(Red.) Die Berichte über Ghadhafis blutigen Tod haben die demokratischen Wahlen in Tunesien überschattet. Gerade weil diese Wahlen mit Beteiligung der gegensätzlichsten Kräfte ohne Tumulte oder Boykotte stattfanden, gebührt ihnen grosse Aufmerksamkeit. Sollte es in Tunesien gelingen, starke muslimische Parteien in den demokratischen Prozess einzubinden, und sollten sich diese an die Regeln der Demokratie halten, wäre dies ein Durchbruch in der arabischen Welt.
When, in January 2011, the Tunisian dictator Zine al-Abidine Ben Ali fled to Saudi Arabia, a breeze of freedom swept through not only North Africa but the whole Arab world. For the first time in many decades, people throughout the Arab world had the feeling of possessing the power to change their own circumstances. Tunisians, Egyptians and other people throughout the different countries let an »Arab Spring” begin.
On the 23rd of October 2011, as more than 7 million Tunisians were called to their first free democratic vote, the eyes and expectations of the world turn again to the North African country. What happened during the last months has awakened a will for change and participation of a whole generation that had been excluded on many levels during their entire lives. One cannot underline enough how symbolic, indeed, how powerful these popular mobilizations have been. And one cannot easily honour the meaning of surmounting the fear of death for freedom’s sake; death was indeed the risk to which young women and men exposed themselves because they finally felt that they could change the destiny of their collective future. The fact that Tunisians can freely elect their politicians this weekend is anything but a given.
This event deserves much attention, but just as during the last months, it is a difficult task to keep Tunisia in the headlines. The negative and violent images of Libya, Yemen or Syria have come to replace initial euphoria and have discarded much illusion – inside and outside the Arab world. And today, news of Muammar Gaddafi’s death three days before the elections could again dim the positive image projected by Tunisia.
An African proverb says that the noise of a tree falling is much stronger than the sound of a growing forest. So are the violent images of Libya, Syria and Yemen much more present than the slow and difficult building of plural and inclusive societies that does not create violent and therefore sensational news and images. Today and in the next months, it is one of the biggest challenges for Tunisians to keep their country in the consciousness of the global public.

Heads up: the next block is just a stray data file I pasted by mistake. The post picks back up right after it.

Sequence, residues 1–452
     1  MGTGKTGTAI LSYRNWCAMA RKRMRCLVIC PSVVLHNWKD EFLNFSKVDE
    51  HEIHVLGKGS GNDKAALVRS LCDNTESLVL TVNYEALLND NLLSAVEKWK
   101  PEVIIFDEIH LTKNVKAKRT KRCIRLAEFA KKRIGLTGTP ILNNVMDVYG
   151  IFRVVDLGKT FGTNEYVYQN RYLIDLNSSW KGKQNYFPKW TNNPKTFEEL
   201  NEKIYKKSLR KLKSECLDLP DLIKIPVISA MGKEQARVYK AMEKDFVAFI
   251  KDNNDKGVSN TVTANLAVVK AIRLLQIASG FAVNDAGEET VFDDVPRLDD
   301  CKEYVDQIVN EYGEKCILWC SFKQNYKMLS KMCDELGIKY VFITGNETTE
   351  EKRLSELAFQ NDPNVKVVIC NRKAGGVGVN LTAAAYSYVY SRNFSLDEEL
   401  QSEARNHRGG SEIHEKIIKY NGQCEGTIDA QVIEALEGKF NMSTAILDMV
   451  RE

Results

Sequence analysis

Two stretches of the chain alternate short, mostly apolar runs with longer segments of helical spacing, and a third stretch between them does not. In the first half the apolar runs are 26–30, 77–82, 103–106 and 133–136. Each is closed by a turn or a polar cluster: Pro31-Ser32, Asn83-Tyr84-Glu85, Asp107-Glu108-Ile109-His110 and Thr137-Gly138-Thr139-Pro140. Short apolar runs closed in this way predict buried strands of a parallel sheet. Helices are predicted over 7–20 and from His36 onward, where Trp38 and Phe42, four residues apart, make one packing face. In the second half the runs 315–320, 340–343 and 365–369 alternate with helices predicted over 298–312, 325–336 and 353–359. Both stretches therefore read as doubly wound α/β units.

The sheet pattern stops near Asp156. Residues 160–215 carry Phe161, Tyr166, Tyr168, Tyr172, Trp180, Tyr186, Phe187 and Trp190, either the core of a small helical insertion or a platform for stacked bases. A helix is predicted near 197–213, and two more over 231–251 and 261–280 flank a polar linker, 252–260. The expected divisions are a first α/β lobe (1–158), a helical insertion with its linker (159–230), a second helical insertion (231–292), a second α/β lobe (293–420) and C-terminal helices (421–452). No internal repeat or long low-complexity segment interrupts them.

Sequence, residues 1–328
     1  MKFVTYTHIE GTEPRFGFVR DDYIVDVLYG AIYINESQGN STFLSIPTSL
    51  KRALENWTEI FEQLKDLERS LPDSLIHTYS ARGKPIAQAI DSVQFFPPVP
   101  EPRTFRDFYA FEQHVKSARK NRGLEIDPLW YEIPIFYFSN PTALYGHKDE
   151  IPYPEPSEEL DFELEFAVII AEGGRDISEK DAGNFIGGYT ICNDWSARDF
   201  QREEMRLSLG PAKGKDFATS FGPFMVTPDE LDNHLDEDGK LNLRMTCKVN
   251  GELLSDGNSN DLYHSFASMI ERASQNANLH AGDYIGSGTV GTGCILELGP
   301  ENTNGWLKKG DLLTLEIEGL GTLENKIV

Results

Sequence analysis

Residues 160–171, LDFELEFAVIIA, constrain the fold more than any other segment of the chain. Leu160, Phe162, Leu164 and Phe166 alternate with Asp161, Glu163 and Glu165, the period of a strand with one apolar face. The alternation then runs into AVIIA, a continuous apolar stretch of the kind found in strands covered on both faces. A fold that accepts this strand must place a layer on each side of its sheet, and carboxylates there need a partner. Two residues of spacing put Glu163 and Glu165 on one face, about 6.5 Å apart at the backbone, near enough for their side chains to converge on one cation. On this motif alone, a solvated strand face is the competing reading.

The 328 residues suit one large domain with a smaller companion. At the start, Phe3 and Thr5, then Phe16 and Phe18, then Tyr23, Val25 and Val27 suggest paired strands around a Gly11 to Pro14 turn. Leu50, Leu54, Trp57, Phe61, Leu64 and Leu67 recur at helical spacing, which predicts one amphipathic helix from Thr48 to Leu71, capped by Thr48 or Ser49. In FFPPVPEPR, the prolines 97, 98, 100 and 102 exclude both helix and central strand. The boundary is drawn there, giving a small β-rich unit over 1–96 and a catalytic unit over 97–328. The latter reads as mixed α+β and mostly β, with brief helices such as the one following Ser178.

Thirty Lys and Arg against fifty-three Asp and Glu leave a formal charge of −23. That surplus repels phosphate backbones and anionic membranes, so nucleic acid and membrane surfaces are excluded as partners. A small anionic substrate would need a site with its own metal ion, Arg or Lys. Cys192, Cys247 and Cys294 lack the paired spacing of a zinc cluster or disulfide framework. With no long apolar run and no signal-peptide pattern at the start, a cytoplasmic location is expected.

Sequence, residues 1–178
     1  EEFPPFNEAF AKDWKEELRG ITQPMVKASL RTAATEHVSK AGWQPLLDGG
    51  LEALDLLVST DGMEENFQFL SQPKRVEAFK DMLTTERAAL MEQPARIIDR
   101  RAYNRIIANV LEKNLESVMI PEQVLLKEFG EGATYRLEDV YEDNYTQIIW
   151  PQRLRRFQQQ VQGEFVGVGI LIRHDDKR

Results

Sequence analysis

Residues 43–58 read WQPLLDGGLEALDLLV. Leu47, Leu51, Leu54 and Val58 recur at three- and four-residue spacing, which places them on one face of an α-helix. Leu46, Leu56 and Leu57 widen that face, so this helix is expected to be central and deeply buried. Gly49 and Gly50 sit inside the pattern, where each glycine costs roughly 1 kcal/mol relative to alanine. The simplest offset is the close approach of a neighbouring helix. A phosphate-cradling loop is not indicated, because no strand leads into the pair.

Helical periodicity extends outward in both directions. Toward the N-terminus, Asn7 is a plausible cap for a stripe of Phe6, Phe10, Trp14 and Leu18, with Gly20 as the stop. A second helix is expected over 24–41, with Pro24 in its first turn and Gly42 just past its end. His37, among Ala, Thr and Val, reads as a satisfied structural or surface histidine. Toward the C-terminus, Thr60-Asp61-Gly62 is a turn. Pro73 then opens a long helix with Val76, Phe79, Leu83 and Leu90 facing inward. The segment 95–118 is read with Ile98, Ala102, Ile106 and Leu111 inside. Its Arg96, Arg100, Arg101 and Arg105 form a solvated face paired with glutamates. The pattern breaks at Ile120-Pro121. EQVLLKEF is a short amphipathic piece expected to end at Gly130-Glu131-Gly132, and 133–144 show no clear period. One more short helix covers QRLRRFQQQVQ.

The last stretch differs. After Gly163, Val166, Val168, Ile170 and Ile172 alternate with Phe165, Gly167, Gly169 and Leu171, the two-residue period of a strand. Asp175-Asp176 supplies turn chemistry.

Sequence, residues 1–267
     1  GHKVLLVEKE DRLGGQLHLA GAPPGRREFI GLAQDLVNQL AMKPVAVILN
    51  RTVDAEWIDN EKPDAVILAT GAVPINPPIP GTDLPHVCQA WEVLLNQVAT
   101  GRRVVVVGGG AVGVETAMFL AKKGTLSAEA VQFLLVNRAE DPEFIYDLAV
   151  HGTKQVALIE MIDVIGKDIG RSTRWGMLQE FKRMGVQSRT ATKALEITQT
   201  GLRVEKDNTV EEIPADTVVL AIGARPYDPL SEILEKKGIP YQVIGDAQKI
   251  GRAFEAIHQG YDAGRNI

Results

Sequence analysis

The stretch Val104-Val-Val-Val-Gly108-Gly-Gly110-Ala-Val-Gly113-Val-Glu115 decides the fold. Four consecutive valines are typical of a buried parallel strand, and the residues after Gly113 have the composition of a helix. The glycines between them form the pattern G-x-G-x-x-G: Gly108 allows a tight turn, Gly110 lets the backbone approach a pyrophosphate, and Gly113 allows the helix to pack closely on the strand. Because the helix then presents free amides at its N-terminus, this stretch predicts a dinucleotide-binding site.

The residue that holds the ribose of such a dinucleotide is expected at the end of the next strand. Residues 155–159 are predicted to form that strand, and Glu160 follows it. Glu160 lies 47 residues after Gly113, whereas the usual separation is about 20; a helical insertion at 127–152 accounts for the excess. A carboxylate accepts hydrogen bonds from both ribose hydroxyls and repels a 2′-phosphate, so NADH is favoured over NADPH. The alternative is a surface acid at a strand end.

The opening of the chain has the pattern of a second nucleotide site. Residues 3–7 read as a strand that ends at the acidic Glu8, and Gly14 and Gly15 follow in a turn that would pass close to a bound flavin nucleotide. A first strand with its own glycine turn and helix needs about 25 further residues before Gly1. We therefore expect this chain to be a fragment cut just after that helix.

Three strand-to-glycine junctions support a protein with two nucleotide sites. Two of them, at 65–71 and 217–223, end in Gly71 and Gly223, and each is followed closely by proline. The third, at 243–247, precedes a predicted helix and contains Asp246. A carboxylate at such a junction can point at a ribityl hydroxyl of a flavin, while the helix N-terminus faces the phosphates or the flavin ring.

Throughout the last several months, Tunisians have shown their will to peacefully rebuild their country in a unified way. Voices warning against chaos and lack of organization and stability, before the elections, were proven wrong.
However, the real and more difficult change has yet to come; it has to be prepared. The elaboration of a constitution and the reorganization of a former totalitarian regime are not likely to produce sensational news. Now, the next several weeks will be the time to be attentive to the supposedly silent part of the revolutions. We must articulate our solidarity through the means we have. This is by no means a guarantee for a positive outcome of this political transition, and the others still due to hold elections, but a necessary form of solidarity must exist, that could reduce the risk that these movements will be confiscated by the old regime or non-democratic forces.
Now, as some trees are falling here and there, it is important to listen closely and draw the attention to the peacefully growing Tunisian forest, and to help it to continue as a role model for the rest of the Arab World.
Themenbezogene Interessenbindung der Autorin/des Autors
Hafid Derbal ist deutsch-algerischer Doppelbürger, Kenner der arabischen Welt, und lebt in der Schweiz.